This is a summary, written by members of the CITF Secretariat, of:
Norton NJ, Ings DP, Fifield KE, Barnes DA, Barnable KA, Harnum DOA, Holder KA, Russell RS, Grant MD. Characteristics of vaccine- and infection-induced systemic IgA anti-SARS-CoV-2 spike responses. Vaccines (Basel). 2023 Sep 7;11(9):1462. doi: https://doi.org/10.3390/vaccines11091462.
The results and/or conclusions contained in the research do not necessarily reflect the views of all CITF members.
A CITF-funded study, published in Vaccines, showed that vaccination with an original COVID-19 mRNA vaccine induces a stronger circulating IgA immune response to the wildtype SARS-CoV-2 strain than to the Omicron strains. Participants vaccinated three or four times had significantly stronger anti-full-length spike (FLS) IgA responses against wildtype than against Omicron BA.1. The levels of IgA responses remained higher against the wildtype FLS, even after an Omicron breakthrough infection following two or three vaccine doses. This study was led by Dr. Michael Grant (Memorial University of Newfoundland).
- Two intramuscular vaccinations with the original SARS-CoV-2 mRNA-based vaccines induced systemic SARS-CoV-2 anti-full- length spike (FLS) IgA against the wildtype strain. A third vaccine dose boosted this response, but levels were significantly lower after a fourth vaccine dose.
- Participants experiencing Omicron breakthrough infections after two or three vaccines had higher levels of circulating anti-SARS-CoV-2 spike IgA than participants with a fourth vaccine dose but no Omicron breakthrough infection.
- Participants with higher levels of vaccine-induced systemic SARS-CoV-2 spike or receptor binding domain (RBD) IgA (after three vaccine doses) had a reduced risk of an Omicron breakthrough infection.
- Participants with two or three vaccine doses and an Omicron breakthrough infection developed higher circulating SARS-CoV-2 spike IgA levels against the wildtype and Omicron BA.1 strain that remained elevated for over 150 days.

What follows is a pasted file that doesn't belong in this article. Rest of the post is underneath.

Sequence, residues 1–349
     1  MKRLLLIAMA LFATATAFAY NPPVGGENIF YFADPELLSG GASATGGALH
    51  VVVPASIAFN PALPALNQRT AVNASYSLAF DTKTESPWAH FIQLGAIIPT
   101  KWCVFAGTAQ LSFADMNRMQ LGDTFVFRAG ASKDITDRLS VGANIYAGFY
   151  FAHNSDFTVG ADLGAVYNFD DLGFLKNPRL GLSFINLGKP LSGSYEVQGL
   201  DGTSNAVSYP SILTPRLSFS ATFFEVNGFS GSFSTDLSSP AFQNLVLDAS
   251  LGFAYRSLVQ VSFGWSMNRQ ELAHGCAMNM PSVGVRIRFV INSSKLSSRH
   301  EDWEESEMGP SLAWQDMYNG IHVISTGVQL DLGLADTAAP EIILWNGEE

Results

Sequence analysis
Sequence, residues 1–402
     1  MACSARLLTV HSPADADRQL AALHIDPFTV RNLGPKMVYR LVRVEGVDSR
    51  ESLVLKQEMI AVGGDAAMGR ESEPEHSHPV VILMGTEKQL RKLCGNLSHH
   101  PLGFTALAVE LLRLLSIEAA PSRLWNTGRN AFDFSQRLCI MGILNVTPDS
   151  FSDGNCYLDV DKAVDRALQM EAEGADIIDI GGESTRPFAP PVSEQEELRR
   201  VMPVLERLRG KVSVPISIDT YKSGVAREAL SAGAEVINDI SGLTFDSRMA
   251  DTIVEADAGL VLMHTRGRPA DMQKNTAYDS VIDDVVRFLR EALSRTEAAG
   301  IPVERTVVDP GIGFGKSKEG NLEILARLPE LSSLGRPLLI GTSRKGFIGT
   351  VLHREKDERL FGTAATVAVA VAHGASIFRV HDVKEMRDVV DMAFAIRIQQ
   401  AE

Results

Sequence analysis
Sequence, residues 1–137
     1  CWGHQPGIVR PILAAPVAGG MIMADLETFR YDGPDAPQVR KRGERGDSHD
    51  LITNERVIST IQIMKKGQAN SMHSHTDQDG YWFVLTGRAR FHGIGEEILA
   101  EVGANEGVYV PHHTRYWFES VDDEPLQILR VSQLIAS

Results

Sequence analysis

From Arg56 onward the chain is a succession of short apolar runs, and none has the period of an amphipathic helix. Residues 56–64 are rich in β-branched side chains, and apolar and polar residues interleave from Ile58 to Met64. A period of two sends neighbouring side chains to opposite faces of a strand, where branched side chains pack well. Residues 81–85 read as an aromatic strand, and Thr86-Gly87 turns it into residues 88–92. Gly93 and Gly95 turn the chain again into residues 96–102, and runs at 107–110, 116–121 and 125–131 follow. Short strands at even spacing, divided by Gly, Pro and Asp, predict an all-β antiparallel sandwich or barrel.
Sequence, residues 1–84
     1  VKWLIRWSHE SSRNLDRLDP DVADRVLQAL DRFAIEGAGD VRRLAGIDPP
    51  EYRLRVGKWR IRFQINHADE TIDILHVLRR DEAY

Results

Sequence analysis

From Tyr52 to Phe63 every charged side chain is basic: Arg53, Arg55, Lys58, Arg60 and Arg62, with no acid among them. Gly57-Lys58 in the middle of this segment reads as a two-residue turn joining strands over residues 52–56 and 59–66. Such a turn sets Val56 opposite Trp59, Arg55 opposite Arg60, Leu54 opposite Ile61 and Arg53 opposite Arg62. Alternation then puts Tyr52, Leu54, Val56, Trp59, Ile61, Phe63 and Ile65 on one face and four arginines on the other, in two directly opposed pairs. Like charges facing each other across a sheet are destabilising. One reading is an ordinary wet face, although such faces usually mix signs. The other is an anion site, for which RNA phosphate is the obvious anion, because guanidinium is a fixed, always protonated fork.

- Participants vaccinated three or four times with vaccines based on the wildtype spike protein had significantly stronger anti-FLS IgA responses against wildtype than against Omicron BA.1. The levels of IgA responses were higher against the wildtype FLS even after an Omicron breakthrough infection following two or three vaccine doses.
- Participants vaccinated with three vaccines, four vaccines, two vaccines followed by an Omicron infection, and three vaccines followed by an Omicron infection had greater circulating IgG levels against wildtype FLS than Omicron BA.1 FLS.
These findings reveal that vaccination with an ancestral SARS-CoV-2 antigen imposed immunological imprinting on IgA responses, with preferred recognition of ancestral versus Omicron S protein, even after Omicron breakthrough infection. This supports the idea of offering Canadians monovalent vaccines that address currently circulating variants in Canada.
The authors suggest that it is important to investigate the relationship between circulating and mucosal IgA antibodies to determine their significance in protecting against respiratory infections, including SARS-CoV-2. Understanding the dynamics of IgA responses and their role in immunity can help improve vaccine strategies and preparedness for emerging virus variants.
This study included participants from an ongoing research cohort at Memorial University of Newfoundland and Labrador, and they were selected based on prior suspicion of SARS-CoV-2 infection or confirmation with reverse-transcriptase polymerase chain reaction (RT-PCR). Individuals who self-reported Omicron infections—between February and August 2022—based on RT-PCR or rapid test results, following receipt of at least two Health-Canada-approved anti-SARS-CoV-2 vaccines against the wildtype strain, were included.